This is the seventh of a series on 10 key questions facing the Buffalo Bills entering training camp. Read the rest of the questions here.
Bills fans can rest assured that Trent Murphy is doing everything humanly possible to return to peak performance in his first year back from major knee surgery.
Murphy, the Bills’ defensive end signed as a free agent from Washington, is a workout fanatic, even by the high standards of world-class NFL athletes.
His apartment in Washington included a full workout gym, and he’s planning to have a similar setup in Buffalo. He spent about three months of his offseason in Columbus, Ohio, just because his favorite gym, Westside Barbell, is located there.
"There’s something about where you lay your head at night and being able to go into the next room and get work in any time you need it," Murphy said this spring. "To have the ability to outwork my opponents all the time even where I rest is a huge advantage. It feels like I have an edge that helps me play with confidence."
The Bills are counting on Murphy to fully recover from a knee injury that wiped out his 2017 season. He had surgery in August to repair torn anterior cruciate and medial collateral ligaments in his left knee.
The 27-year-old was moving around just fine in individual drills in spring practice but was held out of most team work as a precaution.
“If he was a younger guy, we probably would have pushed him out there a little bit more,” General Manager Brandon Beane told reporters. “He’s a veteran. He’s done everything he’s supposed to do. He’s been here. He may have been here every day. I don’t know if he has perfect attendance or not. But he’s done everything. He was doing individual (drills) ...
"Why rush him out there for two weeks? If you take those two weeks and add five more to camp, that’s seven weeks to really get him going.”
Murphy will be almost 13 months removed from surgery when the Bills open their season in Baltimore on Sept. 9. How comfortable he looks in August will be an important thing to watch in training camp and the preseason.
"I’m expecting to make a great recovery and be there for the season and not miss a beat," Murphy said. "I think, if anything, I’ll be stronger than I was before. I feel good. I'm happy with where I'm at. I think they're extremely excited with where I'm at. So I think we'll be even more excited when I come back for camp."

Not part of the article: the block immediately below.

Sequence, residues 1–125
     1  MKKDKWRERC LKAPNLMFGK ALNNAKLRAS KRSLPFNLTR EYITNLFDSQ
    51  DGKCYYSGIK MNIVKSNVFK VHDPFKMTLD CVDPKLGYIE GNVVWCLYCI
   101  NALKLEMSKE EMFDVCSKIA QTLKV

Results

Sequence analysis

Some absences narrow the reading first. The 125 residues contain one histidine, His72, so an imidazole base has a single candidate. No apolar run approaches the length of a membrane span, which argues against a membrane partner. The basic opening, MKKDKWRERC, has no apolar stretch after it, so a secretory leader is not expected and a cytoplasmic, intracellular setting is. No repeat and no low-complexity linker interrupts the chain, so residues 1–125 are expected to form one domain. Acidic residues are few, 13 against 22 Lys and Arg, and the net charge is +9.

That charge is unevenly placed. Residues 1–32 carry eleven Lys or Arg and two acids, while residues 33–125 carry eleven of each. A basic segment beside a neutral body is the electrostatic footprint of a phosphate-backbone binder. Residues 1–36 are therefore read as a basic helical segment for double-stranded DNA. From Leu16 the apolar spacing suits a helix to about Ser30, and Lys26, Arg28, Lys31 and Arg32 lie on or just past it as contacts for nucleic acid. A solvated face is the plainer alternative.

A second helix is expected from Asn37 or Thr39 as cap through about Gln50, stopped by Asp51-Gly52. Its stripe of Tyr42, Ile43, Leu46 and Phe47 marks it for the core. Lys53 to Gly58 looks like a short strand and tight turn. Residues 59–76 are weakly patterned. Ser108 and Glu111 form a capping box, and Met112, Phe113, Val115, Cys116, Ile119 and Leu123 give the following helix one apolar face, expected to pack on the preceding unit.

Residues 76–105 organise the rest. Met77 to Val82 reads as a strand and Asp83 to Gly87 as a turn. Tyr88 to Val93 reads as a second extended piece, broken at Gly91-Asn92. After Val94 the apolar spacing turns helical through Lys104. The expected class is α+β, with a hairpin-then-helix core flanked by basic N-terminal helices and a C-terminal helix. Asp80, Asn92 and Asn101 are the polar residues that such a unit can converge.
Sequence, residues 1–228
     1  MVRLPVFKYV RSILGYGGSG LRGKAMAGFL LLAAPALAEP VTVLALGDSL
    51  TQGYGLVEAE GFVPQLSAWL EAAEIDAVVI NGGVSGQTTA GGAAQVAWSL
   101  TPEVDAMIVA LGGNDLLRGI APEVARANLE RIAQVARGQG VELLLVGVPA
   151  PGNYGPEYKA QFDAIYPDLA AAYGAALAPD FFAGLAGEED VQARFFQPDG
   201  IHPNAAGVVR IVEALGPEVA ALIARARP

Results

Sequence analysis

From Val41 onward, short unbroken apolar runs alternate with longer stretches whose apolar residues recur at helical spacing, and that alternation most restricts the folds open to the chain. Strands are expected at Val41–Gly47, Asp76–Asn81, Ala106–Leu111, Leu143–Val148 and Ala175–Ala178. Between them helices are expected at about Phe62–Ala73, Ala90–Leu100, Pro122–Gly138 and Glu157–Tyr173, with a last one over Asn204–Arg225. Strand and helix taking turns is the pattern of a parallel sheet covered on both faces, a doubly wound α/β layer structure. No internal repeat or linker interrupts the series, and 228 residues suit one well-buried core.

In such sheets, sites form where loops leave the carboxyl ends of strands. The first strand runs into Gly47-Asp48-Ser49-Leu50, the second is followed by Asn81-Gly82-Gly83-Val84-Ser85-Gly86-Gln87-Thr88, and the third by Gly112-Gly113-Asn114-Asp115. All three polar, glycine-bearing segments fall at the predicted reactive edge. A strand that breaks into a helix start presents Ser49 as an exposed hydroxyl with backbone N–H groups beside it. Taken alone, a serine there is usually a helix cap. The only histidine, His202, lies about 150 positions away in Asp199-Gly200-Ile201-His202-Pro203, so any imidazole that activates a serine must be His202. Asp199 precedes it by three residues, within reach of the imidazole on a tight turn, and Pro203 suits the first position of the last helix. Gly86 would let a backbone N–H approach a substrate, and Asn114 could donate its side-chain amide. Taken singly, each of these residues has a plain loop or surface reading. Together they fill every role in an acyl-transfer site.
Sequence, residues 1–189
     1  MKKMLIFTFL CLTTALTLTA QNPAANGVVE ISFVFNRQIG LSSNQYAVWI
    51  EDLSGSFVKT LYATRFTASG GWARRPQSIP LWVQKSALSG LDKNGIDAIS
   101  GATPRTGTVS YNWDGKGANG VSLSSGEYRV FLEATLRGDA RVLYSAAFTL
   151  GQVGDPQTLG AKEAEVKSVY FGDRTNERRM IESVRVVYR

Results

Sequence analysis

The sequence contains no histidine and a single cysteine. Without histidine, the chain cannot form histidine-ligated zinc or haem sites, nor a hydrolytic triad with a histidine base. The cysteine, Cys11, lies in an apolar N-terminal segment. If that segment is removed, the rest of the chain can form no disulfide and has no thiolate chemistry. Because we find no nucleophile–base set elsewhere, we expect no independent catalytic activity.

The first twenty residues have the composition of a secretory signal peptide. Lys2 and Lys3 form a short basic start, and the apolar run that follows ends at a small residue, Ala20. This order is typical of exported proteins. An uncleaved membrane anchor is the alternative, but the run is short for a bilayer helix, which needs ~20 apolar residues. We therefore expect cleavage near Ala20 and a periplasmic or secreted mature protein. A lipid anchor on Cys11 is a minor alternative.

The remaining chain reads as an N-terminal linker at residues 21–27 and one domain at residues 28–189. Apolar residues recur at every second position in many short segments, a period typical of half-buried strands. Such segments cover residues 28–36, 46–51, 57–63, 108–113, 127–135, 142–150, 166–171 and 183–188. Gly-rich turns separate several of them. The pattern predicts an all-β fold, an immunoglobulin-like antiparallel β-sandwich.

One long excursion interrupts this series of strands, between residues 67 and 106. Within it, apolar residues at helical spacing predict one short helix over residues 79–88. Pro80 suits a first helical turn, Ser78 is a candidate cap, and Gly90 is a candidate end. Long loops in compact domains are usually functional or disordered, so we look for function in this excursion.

It’s common for NFL players to bounce back from ACL surgery after a year of recovery. Adrian Peterson famously came back after only nine months and rushed for 2,000 yards in 2012. But Peterson is on the rare, high-performance end of the spectrum. It’s also common for players to say it takes a year of playing after a major injury before they feel just as comfortable as they were before the surgery. Every case is different.
The Bills desperately need a pass-rushing upgrade at left defensive end to complement right end Jerry Hughes. That’s why they invested $10.3 million in guaranteed money in Murphy, who had a breakout season in 2016 with nine sacks for the Redskins. Besides Washington, New England and Tampa Bay also showed strong interest in signing Murphy, so the Bills were far from the only optimists about Murphy’s future.
Like incumbent left end Shaq Lawson, Murphy isn’t a pure speed rusher. But he’s a solid technician with a good speed-to-power move and an exceptional motor.
"Trent has a tenacity that he plays with,” said Bills defensive coordinator Leslie Frazier. “It's just all-out energy down in and down out. His effort sometimes creates the sacks. Not always is it purely beating someone. He's an effort guy. Those guys they create problems for offenses, and that got us excited."
Another reason the Bills think Murphy is perfect for them is culture. He’s the kind of football-obsessed player coach Sean McDermott loves for the locker room.
"Kind of just that tough, blue-collar mentality, winning, playing together, just competing," Murphy said when he signed. "We’re just stirring up that culture and I couldn’t be more excited to be a part of it."
It’s probable Murphy will be eased into full-scale action when the Bills get to St. John Fisher College. Murphy knows that what happens in practice July 26 is not the focus. He needs to peak toward Sept. 9.
"I learn from guys like Kyle and Lorenzo who have done it for so long," he said of the spring practice approach of Kyle Williams and Lorenzo Alexander. “When I was a younger athlete I was pedal-to-the-metal all the time. They work hard every day, but they're working hard the right way. That's the point of emphasis.”